Photograph by Norberto Duarte/AFP/GettyImages.
It might be too late to buy that deep-discounted new flat-screen television you've had your eye on.
Samsung and Sony, two of the world's largest TV makers, are asking U.S. retailers to curb their discounts in an effort to protect their profit margins.
The Wall Street Journal reports that the electronics companies' new policies prevent American retailers from advertising or selling televisions in stores or online for less than the minimum prices set by the manufacturers.
The Supreme Court has ruled companies have the right to set a minimum price for which their products can be advertised, although it is unclear how much leverage they have to enforce the minimum prices—although that may be mostly moot if consumers balk at the higher prices.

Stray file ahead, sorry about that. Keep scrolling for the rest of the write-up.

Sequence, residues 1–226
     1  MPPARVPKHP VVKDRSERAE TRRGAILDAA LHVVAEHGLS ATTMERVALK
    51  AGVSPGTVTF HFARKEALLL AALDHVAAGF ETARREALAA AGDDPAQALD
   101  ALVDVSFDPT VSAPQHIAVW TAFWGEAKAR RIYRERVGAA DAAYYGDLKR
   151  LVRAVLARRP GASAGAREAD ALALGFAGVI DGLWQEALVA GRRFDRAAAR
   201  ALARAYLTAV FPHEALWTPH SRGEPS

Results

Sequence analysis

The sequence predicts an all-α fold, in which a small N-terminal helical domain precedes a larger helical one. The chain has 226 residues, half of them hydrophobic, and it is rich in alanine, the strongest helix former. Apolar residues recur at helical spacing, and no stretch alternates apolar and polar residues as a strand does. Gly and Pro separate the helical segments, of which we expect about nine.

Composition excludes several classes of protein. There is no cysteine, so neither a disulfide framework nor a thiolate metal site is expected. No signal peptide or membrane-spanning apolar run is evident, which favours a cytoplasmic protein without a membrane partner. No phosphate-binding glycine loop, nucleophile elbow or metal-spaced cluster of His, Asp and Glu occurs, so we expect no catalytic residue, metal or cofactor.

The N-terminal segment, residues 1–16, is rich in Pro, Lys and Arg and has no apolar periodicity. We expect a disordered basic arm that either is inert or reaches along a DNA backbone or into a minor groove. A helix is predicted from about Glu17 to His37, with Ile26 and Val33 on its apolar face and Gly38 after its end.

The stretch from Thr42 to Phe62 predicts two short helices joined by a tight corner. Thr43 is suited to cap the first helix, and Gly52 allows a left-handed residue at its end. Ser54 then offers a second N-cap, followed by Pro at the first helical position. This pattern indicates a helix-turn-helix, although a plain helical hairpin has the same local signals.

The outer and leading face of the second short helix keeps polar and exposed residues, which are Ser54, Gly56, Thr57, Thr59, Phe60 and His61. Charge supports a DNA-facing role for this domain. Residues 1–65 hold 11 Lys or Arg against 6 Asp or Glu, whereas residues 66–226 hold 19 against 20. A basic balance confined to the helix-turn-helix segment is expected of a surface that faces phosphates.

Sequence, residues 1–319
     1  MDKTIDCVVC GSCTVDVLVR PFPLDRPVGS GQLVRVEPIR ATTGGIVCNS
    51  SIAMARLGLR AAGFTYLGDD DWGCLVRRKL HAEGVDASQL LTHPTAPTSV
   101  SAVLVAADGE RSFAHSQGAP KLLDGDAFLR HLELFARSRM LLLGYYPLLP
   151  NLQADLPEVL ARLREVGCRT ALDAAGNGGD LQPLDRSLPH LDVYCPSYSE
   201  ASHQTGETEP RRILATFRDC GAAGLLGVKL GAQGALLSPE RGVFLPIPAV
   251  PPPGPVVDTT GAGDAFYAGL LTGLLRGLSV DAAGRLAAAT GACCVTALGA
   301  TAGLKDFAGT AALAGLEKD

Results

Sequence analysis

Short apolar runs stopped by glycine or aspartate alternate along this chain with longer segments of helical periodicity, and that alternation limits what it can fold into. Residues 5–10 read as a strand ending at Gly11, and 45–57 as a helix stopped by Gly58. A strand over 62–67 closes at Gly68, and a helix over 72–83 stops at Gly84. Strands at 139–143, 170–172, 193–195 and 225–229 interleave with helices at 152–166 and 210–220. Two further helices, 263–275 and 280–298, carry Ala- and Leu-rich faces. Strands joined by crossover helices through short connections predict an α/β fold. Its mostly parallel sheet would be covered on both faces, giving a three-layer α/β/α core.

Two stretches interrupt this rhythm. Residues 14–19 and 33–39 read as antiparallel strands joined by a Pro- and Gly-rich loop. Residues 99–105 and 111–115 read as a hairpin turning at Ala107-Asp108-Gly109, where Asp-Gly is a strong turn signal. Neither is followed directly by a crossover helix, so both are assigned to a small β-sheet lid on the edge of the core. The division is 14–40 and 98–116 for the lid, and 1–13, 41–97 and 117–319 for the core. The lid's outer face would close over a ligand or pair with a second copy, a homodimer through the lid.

Bloomberg reports that TV imports declined last year for the first time since 2004, with record losses for Asian manufacturing companies like Samsung and Sony. The prices for flat-screens have likewise dropped for the past three years, from a little less than $650 in 2009 to $545 last year, according to industry numbers.
Sony’s policy toward U.S. retailers went into effect last month, and covers 120 of its television models, along with some computers, video and audio equipment. Samsung also issued its new price policy in April, and is looking to balance the budget by introducing new technology at a higher cost.
Apple Insider points out that this is not the first time technology companies have used this strategy. Apple has strict rules on iPod prices and Sony has previous set minimum costs for PlayStation consoles.